By Alexey Sukachev (ringside)
Photos: Evgeny Solodov
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On Thursday night, two time Russian promoter of the year German Titov staged his biggest tournament in 2009 so far, bringing world class professional boxing to Moscow for the first time in ten months. A world financial meltdown surely took its toll on the Russian boxing community, but Titov was able to arrange a well packed card with a number of title bouts, several nice looking young prospects, competitive opposition for them, and huge attention of the Russian media, both paper and electronic. Though there were empty sits at “Dynamo” sports arena in Krylatskoye district, the vast majority of those, who had come to see the action, were quite thrilled and touched by the fights.
In the main event of the evening, highly regarded Russian cruiserweight contender Grigory Drozd (32-1, 24 KOs) retained his WBO Asia Pacific and PABA titles (WBC ABCO belt wasn’t reportedly at stake) and became the first ever to stop ultra durable American banger Darnell “Ding-A-Ling Man” Wilson (23-9-3, 20 KOs) inside the distance, when the latter chose to retire after the tenth stanza. According to the PBFR and PABA supervisor Andrey Chirkov, the result will go into record books as the TKO 11 because the time of the rest period between rounds is being formally added to the next round by the rules of the PBFR.
Drozd, 29, started the bout carefully, trying to keep his distance and avoiding wide hooks and swings of the shorter Wilson. The Russian fighter used his jab to bother the hard punching American, 34, and pin him to the ropes. Drozd also began to land his trademark combinations with an accent on the right cross from the outset, bringing several power shots together. Though blocking some attacks and ducking low from the others, Wilson took a punishment in a slow but steady pace. He just wasn’t able to find neither Drozd’s head, nor his body. Whenever he hit the Russian with his power shots, which was a rare case in the first four rounds, the Prokopyevsk native (and now Moscow dweller) took it well, just shaking his head and grinning at his foe.
Things turned around for a moment in the beginning of the fifth stanza, when Drozd, seemingly feeling he can end the fight at any time, broke his tactics in favor of a close range brawl, which was exactly what Wilson had been looking for. The American puncher got the better of several heated exchanges in the center of the ring; Drozd having a dazed and surprised face. The Russian, however, didn’t let his opponent capitalize on that by jumping backwards to the safe distance. Wilson, on the other hand, lost his momentum by throwing wild but missing left swings till the end of the round.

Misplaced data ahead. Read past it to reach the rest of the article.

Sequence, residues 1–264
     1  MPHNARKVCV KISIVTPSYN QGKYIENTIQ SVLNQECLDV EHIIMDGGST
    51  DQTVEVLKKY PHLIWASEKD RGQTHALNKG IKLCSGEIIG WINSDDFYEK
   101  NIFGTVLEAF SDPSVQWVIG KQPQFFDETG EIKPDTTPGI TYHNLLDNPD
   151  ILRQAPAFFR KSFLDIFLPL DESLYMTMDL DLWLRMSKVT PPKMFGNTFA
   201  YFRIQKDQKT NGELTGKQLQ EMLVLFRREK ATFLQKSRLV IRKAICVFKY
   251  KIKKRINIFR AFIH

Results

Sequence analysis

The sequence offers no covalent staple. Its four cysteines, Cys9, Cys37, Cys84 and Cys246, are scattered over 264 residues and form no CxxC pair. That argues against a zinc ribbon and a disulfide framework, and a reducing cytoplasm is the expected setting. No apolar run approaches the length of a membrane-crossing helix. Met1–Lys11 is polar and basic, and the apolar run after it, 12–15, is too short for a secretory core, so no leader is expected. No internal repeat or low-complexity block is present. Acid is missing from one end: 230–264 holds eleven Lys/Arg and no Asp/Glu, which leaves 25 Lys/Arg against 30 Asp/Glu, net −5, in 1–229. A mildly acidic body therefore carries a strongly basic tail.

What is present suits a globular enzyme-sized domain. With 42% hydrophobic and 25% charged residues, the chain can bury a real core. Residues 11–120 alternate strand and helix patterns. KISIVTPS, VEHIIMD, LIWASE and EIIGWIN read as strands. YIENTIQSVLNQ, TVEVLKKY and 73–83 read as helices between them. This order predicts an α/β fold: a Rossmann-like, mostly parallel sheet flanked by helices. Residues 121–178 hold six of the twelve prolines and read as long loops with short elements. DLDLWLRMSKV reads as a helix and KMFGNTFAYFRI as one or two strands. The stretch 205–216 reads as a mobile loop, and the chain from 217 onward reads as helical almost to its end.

In round six, the Ding-A-Ling Man started to show the signs of fatigue. The kayo artist was looking for pauses in his already slow tempo, and low activity reflected in him taking more unnecessary blows, especially to the head. Wilson was showboating, talking to photographers and asking Drozd to deliver more, but that just didn’t seem like funny crowd pleasing tricks; rather a desperate attempt to encourage himself. “The Pretty Boy” Drozd was bouncing on his toes, scoring measurably but with increasing frequency. The seventh round was all Drozd again, while Wilson’t right eye began to shut due to the accumulation of punches.
In the eighth stanza, the already dirty clash started to heat up in a bad way. Seeing no chance for a legal victory, Wilson started to complain to referee Victor Panin and use some barely legal tactics of hitting his opponent behind the head, especially in clinches, and punching with his head. The American fighter was finally deducted a point after a few warnings and conversations with the referee for illegal use of the head. In round nine, he once again was penalized a single point for the rabbit punching. It’s worth noting that the local hero wasn’t an angel as well, receiving a number of warnings for pushing his foe down, punching while in clinches and pressing Wilson with his shoulder.
The fight was rapidly turning into an ugly foul fest and the tenth round was the epitome of that. Both boxers preferred to throw illegal blows, rather than legal. Many of Wilsons punches were below the beltline or behind the temple of the head. Drozd wasn’t an angel either, punching his rival with one hand while holding him with the other. The dirty combat resulted in three penalty points being subtracted from the scorecards in the tenth: two – for Wilson, and one – for Drozd. Another effect was a constant booing from the crowd, which was visibly disturbed with the latest part of the fight.